Latest Snowden Leak reveals a new Game of NSA that is being played with you, and we are not aware of something like this is happening in back-end.
NSA is filling up its database of facial recognition systems through intercepting millions of photographs that are being posted online everyday, NY Times reports.
If we take a look to the report of NY Times, so we extracted that National Security Agency is collecting approximate 55,000 ‘facial recognition quality images’ per day.
From when you are being captured by NSA?
Reports say that this work is in progress since 2009 after the two thwarted terrorist attacks, the first attempted in 2009 by Umar Farouk Abdulmutallab, a Nigerian, when he attempted to trigger a bomb hidden in his underwear while flying to Detroit on Christmas in 2009. The second was in May 2010, when Faisal Shahzad, a Pakistani-American, attempted a car bombing in Times Square.
NSA is focusing on collecting identifies such as facial photos and fingerprints to traditional oral and written communication.
What NSA says?
NSA does not have access to state driver’s license pictures, nor passport photos. The spokeswoman declined to say whether or not the NSA was collecting facial imagery of Americans through social media.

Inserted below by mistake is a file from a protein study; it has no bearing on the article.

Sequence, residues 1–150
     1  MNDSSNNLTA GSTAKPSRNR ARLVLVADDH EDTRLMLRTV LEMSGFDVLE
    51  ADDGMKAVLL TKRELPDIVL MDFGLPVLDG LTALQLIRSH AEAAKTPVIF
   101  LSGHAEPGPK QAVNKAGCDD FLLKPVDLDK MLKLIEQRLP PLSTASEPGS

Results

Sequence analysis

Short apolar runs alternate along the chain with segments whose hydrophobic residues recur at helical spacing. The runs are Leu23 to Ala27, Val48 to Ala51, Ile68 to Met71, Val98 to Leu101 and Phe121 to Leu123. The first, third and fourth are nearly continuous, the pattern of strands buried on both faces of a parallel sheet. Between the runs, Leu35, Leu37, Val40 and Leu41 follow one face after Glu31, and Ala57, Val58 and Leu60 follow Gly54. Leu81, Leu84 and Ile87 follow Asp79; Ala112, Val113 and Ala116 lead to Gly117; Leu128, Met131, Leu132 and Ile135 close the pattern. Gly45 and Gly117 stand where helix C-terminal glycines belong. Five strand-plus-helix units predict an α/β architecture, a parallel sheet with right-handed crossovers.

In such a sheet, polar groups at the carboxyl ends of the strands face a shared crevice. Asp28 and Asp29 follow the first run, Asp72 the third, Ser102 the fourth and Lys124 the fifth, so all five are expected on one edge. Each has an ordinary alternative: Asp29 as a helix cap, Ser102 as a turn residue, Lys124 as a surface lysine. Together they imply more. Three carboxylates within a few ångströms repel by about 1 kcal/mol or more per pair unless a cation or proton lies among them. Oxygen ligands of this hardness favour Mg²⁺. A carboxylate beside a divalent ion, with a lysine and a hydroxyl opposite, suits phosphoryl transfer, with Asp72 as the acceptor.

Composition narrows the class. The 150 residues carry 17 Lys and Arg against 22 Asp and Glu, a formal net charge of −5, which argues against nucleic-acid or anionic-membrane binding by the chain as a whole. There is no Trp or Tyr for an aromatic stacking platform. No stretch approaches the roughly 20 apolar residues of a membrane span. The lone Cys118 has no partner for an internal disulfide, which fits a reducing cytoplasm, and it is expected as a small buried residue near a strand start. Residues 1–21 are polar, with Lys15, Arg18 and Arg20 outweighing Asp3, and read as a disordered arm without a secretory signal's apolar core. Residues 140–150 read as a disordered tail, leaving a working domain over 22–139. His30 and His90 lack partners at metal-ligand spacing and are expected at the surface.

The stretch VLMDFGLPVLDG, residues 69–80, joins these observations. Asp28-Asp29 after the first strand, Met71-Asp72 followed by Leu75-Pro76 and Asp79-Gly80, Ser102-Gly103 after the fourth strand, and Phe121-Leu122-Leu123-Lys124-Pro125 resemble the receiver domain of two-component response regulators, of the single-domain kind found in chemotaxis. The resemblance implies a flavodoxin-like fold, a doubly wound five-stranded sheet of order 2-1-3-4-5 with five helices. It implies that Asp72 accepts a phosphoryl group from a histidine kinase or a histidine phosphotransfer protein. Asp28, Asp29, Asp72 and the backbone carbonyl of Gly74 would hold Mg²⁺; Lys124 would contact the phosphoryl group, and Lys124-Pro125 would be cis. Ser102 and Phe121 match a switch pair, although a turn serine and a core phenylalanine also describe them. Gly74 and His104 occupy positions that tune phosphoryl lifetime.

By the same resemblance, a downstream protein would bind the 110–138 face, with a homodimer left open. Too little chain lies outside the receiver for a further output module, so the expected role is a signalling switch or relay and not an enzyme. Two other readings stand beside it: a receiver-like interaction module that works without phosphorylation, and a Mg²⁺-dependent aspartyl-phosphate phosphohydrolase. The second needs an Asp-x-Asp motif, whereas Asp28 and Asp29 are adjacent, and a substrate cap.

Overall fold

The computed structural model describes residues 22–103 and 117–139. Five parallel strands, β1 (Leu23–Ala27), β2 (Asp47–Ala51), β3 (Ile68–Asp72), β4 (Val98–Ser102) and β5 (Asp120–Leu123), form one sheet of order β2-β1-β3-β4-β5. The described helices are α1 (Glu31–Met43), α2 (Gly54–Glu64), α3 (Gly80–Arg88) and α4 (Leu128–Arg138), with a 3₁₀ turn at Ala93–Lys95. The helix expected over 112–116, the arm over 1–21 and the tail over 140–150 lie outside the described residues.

The Image Collection program:
A tool or program which is being used by NSA to collect facial images called Wellspring, which takes out images from emails and other communications, and then displays those that might contain passport images.
NSA also using commercially available facial recognition technology, including PittPatt, a small company purchase by Google in 2011.
Some questions from my side?
How NSA using the Pittpatt service, which is not available for anyone. Google bought that in 2011 for its Google+ service, However service didn’t resume as per the personal privacy concerns. Former Google CEO and current executive chairman Eric Schmidt has warned that Google would not apply facial recognition technology because of the privacy concerns.
So Google has some strong relationship with NSA? We can’t say, but we still remember the past :)